DSE  Chief Executive Officer, Moremi Marwa (R), with the South African   Securities and Trading Technology (STT) Company Director, Michelle Janke  at the Launching of the STT system in Dar es Salaam

DSE Chief Executive Officer, Moremi Marwa (R), with the South African Securities and Trading Technology (STT) Company Director, Michelle Janke at the Launching of the DSE’s  STT system  on Friday, June 27, 2014 in Dar es Salaam

By TZ Business News Staff.


Shares at the Dar es Salaam Stock Exchange (DSE) will soon be observed, bought and sold from mobile phones.
A Securities and Trading Technology (STT) system which makes this possible has been imported from South Africa and installed at the exchange.

The system started working June 27, 2014, although configurations to allow internet and mobile phone SMS trading have not yet been effected.

A statement issued by the DSE Chief Executive Officer, Moremi Marwa reads in part: “This is another milestone to our National Exchange – we have not only achieved to execute this in the shortest period possible but we also have managed to procure a system that seamlessly integrates our automated trading platform with the central securities depository and the National Payment System through SWIFT interface; this means we have now achieved a true Delivery versus Payment (DVP) and hence risk management assurance to our investors

“Furthermore the system is more efficient, it is more scaleable and flexible, which is line with our strategic intent of introducing new products and increasing accessibility to our system through the use of mobile, internet and sms trading facilities; we are very grateful for what we have achieved during this short period of time. We are thankful to the STT team for partnering with us and making it possible for us to pull this off,” Marwa says in the statement.

The South African STT system enables DSE trading to be seen live at the trading floor as well as via the internet. An official from the system supplier company, Michelle Janke remarked at the official launching of the system Friday: “I am extremely proud on this momentous occasion. Today the Tanzanian Exchange becomes STT’s third Exchange to go-live with STT’s integrated Exchange Solution. Furthermore, the DSE is STT’s first African Exchange to go-live with our Equities platform as well as our Central Securities Depository (CSD) system, and this was all accomplished within 8 short weeks.”

Securities and Trading Technology (STT) was chosen in April to provide the DSE with solutions to improve its trading ability, as South Africa’s expertise in running efficient financial markets is increasingly being called upon to help other countries in Africa grow their markets, according to a report in the South African Business Day newspaper.
The plan is to increase the number of securities and bonds traded in Tanzania from the current 25 companies.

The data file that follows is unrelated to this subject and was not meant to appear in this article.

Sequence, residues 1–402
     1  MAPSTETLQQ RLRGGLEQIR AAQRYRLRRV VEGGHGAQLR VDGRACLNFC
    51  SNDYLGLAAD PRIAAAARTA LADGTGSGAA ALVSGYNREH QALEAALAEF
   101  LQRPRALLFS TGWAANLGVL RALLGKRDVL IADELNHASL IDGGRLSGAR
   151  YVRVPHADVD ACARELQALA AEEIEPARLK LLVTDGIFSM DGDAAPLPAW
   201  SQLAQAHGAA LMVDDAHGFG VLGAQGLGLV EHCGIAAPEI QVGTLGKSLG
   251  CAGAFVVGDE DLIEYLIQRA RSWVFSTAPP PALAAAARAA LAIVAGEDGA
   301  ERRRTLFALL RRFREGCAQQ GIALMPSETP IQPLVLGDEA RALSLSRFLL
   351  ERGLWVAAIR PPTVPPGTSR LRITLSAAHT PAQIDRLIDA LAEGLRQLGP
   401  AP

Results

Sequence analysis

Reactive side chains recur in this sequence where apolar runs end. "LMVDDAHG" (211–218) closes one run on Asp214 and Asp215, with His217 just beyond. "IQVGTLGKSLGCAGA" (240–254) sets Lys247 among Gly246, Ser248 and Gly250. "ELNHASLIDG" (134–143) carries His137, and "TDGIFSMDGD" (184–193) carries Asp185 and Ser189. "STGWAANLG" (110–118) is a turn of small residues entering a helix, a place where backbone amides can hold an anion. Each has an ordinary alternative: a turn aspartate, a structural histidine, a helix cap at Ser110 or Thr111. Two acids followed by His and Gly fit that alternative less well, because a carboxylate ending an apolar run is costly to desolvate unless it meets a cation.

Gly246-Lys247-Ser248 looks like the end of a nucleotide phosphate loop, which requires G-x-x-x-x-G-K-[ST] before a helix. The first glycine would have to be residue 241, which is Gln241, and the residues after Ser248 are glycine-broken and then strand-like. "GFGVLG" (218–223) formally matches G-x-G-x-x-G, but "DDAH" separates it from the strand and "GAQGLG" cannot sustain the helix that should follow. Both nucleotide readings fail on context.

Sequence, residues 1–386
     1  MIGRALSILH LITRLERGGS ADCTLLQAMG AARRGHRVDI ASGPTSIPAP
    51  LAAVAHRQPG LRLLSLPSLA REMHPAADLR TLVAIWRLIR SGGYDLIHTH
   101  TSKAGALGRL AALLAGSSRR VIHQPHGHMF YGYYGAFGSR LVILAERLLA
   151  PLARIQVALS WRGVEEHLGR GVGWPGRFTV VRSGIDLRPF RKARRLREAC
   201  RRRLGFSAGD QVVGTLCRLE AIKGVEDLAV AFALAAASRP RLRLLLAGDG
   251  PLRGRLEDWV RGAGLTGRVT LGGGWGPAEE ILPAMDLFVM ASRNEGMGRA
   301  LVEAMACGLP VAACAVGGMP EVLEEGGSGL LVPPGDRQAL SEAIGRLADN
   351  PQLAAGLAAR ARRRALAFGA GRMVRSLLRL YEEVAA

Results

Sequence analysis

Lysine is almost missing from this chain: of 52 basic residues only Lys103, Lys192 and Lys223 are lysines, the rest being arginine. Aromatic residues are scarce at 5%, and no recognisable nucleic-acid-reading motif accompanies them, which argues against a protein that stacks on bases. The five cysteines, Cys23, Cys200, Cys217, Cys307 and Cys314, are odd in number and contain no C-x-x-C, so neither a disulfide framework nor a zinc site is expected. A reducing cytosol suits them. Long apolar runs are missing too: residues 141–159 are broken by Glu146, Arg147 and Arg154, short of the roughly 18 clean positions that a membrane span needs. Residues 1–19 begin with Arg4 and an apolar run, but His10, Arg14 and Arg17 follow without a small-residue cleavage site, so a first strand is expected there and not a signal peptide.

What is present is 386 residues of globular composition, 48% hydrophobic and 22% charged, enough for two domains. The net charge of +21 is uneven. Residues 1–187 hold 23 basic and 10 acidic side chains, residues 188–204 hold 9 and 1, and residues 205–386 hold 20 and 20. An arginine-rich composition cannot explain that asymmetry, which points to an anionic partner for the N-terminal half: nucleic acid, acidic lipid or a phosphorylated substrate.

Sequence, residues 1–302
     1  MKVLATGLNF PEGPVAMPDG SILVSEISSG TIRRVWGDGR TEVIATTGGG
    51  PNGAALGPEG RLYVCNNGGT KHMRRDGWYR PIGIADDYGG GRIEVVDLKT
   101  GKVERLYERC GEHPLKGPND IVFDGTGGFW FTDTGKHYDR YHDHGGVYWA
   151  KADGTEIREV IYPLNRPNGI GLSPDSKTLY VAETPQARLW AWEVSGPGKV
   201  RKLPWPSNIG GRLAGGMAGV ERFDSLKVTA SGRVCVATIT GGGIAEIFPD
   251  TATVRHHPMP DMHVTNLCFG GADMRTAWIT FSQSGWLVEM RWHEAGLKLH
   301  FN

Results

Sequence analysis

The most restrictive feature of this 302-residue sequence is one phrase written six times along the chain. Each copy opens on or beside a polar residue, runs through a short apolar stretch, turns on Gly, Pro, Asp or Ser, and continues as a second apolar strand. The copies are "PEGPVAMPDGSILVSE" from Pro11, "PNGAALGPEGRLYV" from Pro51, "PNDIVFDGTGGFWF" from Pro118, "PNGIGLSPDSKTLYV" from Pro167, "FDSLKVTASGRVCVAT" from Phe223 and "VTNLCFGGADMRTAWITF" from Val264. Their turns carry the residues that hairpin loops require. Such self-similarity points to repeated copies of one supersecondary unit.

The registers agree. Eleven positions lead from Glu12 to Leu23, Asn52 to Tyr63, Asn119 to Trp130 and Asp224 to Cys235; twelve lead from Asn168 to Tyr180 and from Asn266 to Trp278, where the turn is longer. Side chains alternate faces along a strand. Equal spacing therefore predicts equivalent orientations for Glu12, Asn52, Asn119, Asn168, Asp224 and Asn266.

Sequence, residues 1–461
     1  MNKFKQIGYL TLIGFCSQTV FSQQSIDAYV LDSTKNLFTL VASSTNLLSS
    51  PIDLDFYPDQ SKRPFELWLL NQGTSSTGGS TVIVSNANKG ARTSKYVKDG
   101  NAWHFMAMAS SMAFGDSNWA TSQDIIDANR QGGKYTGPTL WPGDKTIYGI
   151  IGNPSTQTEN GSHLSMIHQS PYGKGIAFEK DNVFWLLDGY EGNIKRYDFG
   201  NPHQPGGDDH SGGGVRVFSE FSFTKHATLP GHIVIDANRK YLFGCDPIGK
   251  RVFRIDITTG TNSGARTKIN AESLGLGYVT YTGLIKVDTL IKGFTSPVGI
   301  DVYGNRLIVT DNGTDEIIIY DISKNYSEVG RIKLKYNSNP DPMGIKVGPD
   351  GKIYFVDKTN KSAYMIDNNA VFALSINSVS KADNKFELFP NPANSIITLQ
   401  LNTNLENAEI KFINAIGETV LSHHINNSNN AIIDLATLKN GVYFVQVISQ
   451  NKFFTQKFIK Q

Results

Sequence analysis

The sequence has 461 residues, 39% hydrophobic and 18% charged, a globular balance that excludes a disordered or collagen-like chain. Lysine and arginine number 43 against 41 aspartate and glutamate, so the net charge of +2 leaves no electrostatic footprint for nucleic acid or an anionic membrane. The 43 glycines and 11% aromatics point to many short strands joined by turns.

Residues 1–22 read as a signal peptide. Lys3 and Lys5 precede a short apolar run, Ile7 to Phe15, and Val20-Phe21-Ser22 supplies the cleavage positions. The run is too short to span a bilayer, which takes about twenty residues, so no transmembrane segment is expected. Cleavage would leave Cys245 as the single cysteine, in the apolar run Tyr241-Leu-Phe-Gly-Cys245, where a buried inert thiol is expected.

Speaking during the launch on June 27, Marwa said the new system would help the exchange achieve “true delivery” and improve risk management for investors.


These services delivery improvements at the DSE are taking place against a backdrop of efforts to encourage Small and Medium Enterprises (SMEs) to list at the bourse for raising capital.

With the support of the Capital Markets and Securities Authority, the DSE has already launched the Entrepreneurship Growth Market (EGM) to support implementation of Tanzania’s economic growth policies.

SMEs are seem a major contributor to Tanzania’s economic prosperity, but whose development has been hindered by the lack of capital to develop the business ideas. DSE has opened a window for these companies to raise capital through the EGM.

The EGM is an equity market specifically intended for Small and Medium Enterprises (SMEs) and start-ups.
With the liberalization of the Tanzanian economy, entrepreneurship has grown to reach an estimated 3 million SMEs, but operating in an environment where commercial banks have not been able to address the needs for capital for the start-up and SME segments. The Banks, being too few and relatively “small” have been extremely averse to risk and highly conservative in their lending policies.

While access to short-term, overdraft or trade financing loans have become somewhat accessible, longer term loans are still tied to very stringent collateral requirements as well as high medium and long term interest rates. The EGM window at the DSE therefore provides an option for SMEs capital raising.

The Dar es Salaam Stock Exchange has come a long way. It started operations with only four companies in 1998 by announcing trading results on paper boards and flip-charts.  At the beginning of the year 2014, the DSE had 18 listed companies (6 cross-listed). The Exchange now reports domestic market capitalization is Tsh. 6.0 tr/- ($3.8 billion) while the investors base stands at 185,000.

Business is brisk. Most equity listed at the DSE, with the exception of Tanzania Oxygen Limited, Tanzania Breweries and PAL were oversubscribed. All 13 corporate bonds issued and listed were oversubscribed. All government treasury bonds are usually oversubscribed.

“This indicates that there is enough liquidity in the economy,” Marwa said recently, calling well managed SMEs to take advantage of this climate by listing at the stock exchange.